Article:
Apart from Radio New Zealand, which is doing an excellent job as our public broadcaster, and The Press, the media’s coverage of the quake has disappointed. It’s first job should be to supply needed information to people in the quake zone. Instead, we have this morbid running death count and Facebook-derived stories of the dead.
Today, in what I thought was a pretty tasteless article reading the chicken entrails on the electoral implications of the earthquake, John Armstrong praises Gerry Brownlee saying:
“He has already had to bang bureaucratic heads together to try and bring common sense to the release of victims’ names.
There is also a drastic need to get someone with real communication skills to close the increasing divide between what is happening and what Civil Defence thinks people should be allowed to know about what is happening.”
It seems to me that the praise is for overriding the considered opinion of specialist public servants so that the media could have get the names, rush to Facebook, and glean some quotes to pad out tear-jerker articles.
These kind of articles, and the breathless updating of the death count may draw the punters to the media but do they actually supply any useful information either to those directly affected or to the rest of us? There are good articles on the quakes damage, utilities, and how we in other regions can help but they are relegated to a secondary position.
Armstrong also takes a jab at John Key saying:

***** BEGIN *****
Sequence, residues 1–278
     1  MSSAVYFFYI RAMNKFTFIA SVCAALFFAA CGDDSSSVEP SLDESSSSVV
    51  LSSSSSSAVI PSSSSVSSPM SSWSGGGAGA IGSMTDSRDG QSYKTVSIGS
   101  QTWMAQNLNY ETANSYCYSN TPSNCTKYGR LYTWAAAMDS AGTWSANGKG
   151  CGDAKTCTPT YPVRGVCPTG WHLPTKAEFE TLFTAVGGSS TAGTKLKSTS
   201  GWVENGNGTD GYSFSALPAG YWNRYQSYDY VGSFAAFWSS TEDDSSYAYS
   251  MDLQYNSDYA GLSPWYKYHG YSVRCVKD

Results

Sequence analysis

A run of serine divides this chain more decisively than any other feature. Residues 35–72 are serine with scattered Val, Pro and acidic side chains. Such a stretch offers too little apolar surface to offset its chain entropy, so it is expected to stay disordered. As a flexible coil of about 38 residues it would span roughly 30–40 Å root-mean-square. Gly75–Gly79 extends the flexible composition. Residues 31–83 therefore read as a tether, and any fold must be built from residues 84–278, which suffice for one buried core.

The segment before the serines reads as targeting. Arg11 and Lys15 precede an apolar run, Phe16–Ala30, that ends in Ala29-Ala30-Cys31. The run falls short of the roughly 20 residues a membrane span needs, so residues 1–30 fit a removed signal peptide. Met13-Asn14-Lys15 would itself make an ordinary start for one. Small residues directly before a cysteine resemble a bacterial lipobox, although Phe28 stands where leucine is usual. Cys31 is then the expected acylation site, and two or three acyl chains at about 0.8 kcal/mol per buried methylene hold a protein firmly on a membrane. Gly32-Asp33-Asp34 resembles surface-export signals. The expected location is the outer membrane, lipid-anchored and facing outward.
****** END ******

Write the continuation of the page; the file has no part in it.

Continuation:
“The present political hiatus benefits only one person – the Prime Minister. Key has been omnipresent, if not omnipotent. He has used the advantage of incumbency to maximum effect in terms of being in the public eye and hogging the media.”
In other words: ‘Key is on the TV every chance he gets but he isn’t actually doing anything’. True enough but unfair. During a disaster like this, at least in the initial stages, there is little for the PM to actually do in terms of his policy-making role.
The policies were set long ago, the resources were put in place. Apart from the pro forma declaration of national emergency, which any PM would do, there’s no policy work in these first few days. What we do expect of a Prime Minister in these times is leadership. Essentially the PM’s job becomes paternalistic – assuring a frightened populace that everything will be OK. Key’s no Churchill, he reads stiffly from speeches written by others, but he is having a reasonably competent jab at the role any Prime Minister would been fulfilling at the moment.
The test for Key will come next week when we will start to want policy specifically:
There will be some in the government advocating for use of the ‘shock doctrine’ – to use the disaster to push through radical reform (as Whaleoil is recommending).
In fact, I think Key will be responsible enough to drop the expensive and complicated tinkering with public assets, benefits, and the public sector and, instead, concentrate all his focus on Christchurch.
That will be the true test of his leadership.